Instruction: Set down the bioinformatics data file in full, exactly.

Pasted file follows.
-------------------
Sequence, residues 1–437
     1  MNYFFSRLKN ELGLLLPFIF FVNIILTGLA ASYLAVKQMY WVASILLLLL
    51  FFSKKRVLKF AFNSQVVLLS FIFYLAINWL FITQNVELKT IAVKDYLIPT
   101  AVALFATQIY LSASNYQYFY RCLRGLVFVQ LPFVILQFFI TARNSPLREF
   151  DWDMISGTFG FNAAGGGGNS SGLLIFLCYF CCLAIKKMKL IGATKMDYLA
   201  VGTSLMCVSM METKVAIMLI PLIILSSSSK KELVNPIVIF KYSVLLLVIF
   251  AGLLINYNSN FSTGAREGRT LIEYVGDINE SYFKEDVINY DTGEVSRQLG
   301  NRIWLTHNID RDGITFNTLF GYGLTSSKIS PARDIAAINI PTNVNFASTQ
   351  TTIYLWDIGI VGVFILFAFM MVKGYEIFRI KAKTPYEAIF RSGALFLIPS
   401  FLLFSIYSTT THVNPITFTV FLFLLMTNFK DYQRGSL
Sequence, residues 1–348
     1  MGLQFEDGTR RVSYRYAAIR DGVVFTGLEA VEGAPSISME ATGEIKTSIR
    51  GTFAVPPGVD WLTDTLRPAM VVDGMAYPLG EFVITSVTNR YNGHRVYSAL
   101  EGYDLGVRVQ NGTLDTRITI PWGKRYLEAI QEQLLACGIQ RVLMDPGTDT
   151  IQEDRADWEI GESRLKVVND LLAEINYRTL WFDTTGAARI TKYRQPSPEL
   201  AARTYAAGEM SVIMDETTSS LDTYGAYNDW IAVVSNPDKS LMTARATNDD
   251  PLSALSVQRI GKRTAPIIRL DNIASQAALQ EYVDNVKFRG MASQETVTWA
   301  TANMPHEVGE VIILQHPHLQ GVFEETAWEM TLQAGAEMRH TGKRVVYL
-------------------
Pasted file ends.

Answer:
Sequence, residues 1–437
     1  MNYFFSRLKN ELGLLLPFIF FVNIILTGLA ASYLAVKQMY WVASILLLLL
    51  FFSKKRVLKF AFNSQVVLLS FIFYLAINWL FITQNVELKT IAVKDYLIPT
   101  AVALFATQIY LSASNYQYFY RCLRGLVFVQ LPFVILQFFI TARNSPLREF
   151  DWDMISGTFG FNAAGGGGNS SGLLIFLCYF CCLAIKKMKL IGATKMDYLA
   201  VGTSLMCVSM METKVAIMLI PLIILSSSSK KELVNPIVIF KYSVLLLVIF
   251  AGLLINYNSN FSTGAREGRT LIEYVGDINE SYFKEDVINY DTGEVSRQLG
   301  NRIWLTHNID RDGITFNTLF GYGLTSSKIS PARDIAAINI PTNVNFASTQ
   351  TTIYLWDIGI VGVFILFAFM MVKGYEIFRI KAKTPYEAIF RSGALFLIPS
   401  FLLFSIYSTT THVNPITFTV FLFLLMTNFK DYQRGSL
Sequence, residues 1–348
     1  MGLQFEDGTR RVSYRYAAIR DGVVFTGLEA VEGAPSISME ATGEIKTSIR
    51  GTFAVPPGVD WLTDTLRPAM VVDGMAYPLG EFVITSVTNR YNGHRVYSAL
   101  EGYDLGVRVQ NGTLDTRITI PWGKRYLEAI QEQLLACGIQ RVLMDPGTDT
   151  IQEDRADWEI GESRLKVVND LLAEINYRTL WFDTTGAARI TKYRQPSPEL
   201  AARTYAAGEM SVIMDETTSS LDTYGAYNDW IAVVSNPDKS LMTARATNDD
   251  PLSALSVQRI GKRTAPIIRL DNIASQAALQ EYVDNVKFRG MASQETVTWA
   301  TANMPHEVGE VIILQHPHLQ GVFEETAWEM TLQAGAEMRH TGKRVVYL